Every time I go to the supermarket (once or twice a week depending on when and what I am cooking) I always make a list – saves time and money. Ironically there is always a couple of items that I buy that are not on the list, and they are the items I set aside to go to the foodbank
I never know what it will be partly because it is driven by items I would I buy for myself which are on special offer. And partly by wanting to add a little spontaneity to the contents of the foodbank. but I have still have a few guidelines as to what to include. There are of course the foodbanks own guide, it varies but typically
- Pasta sauce
- Tinned meat
- Tinned vegetables
- Tinned fruit
I have a few extra “rules” that I apply on my own behalf. And this harks back to my headline – There but for the grace of God, go I*
So I say to myself:
- I buy at the same level of quality that I buy for myself. I rarely buy the “value” or cheapest own brand variants which typically include more water, sugar or cheap ingredients. If I don’t like them why should others have to suffer them?
- I donate packages that can easily be broken down for smaller family units. Bulk buying a giant tin of baked beans is economical, but it cannot easily be broken down to meet the needs of smaller family units. As a single person I am acutely aware that hunger is not confined to large family units.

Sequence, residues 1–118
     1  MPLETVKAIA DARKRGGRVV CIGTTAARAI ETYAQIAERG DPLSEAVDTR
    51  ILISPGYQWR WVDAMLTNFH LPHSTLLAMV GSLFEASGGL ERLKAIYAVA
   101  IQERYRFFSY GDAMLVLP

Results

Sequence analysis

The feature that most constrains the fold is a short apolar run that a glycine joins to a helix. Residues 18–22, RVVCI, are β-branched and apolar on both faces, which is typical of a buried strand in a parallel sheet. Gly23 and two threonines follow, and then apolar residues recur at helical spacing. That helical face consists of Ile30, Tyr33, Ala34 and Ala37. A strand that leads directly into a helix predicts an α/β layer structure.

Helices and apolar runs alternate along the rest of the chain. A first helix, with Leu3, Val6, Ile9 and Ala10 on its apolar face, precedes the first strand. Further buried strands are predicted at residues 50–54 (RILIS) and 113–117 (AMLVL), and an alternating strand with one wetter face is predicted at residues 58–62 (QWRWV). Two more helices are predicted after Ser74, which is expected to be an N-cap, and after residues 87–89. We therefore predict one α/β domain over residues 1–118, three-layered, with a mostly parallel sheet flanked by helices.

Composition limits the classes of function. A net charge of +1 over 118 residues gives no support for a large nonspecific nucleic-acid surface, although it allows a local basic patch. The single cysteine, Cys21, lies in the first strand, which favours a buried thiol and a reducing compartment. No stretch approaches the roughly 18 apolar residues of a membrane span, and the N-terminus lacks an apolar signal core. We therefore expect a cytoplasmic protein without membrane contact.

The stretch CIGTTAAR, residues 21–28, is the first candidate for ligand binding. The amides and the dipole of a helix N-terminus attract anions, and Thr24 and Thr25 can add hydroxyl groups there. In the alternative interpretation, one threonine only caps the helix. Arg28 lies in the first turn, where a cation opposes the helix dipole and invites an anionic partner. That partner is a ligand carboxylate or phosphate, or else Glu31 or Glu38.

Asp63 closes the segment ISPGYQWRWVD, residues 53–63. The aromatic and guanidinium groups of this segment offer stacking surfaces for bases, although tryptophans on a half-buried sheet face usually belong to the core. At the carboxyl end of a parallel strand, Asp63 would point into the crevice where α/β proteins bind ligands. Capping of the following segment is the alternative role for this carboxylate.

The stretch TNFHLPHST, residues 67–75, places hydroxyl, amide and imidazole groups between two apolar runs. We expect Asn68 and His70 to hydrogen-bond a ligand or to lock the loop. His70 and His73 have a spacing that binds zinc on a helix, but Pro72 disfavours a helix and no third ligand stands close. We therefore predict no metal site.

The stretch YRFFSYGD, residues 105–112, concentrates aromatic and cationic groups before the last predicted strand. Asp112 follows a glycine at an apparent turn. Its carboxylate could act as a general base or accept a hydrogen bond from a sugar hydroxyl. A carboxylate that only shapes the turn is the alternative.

- Mix and match, I tend to do savoury one week and sweet the next. It is difficult to know the actual stock the foodbank has today, and what it is running low on. So this is a modest way of balancing my contribution.
- I include a few things that add flavours to the staples. Looking at what else goes into the collection basket I am struck at how boring pasta and tomato sauce must get week after week. So even simple flavours will make a difference – beef/chicken stock cubes, tinned fish, curry powder, brown sauce.
- I include basic toiletries and sanitary products in my contribution as more and more foodbanks are now also tackling period poverty.
I am aware how lucky I am to be able to tour the supermarket, mostly buy what I fancy and rarely tot-up the contents of my trolley to see if I have enough money. It was not always like that, there were times when I had to scrutinise every penny. As I put my contribution into the basket I always remember – it may be me one day
*There but for the grace of God, go I – is attributed to John Bradford, a devout English Protestant Reformer, burned at the stake for his faith in 1555 by Queen Mary, after she had restored Catholicism as the official church in England.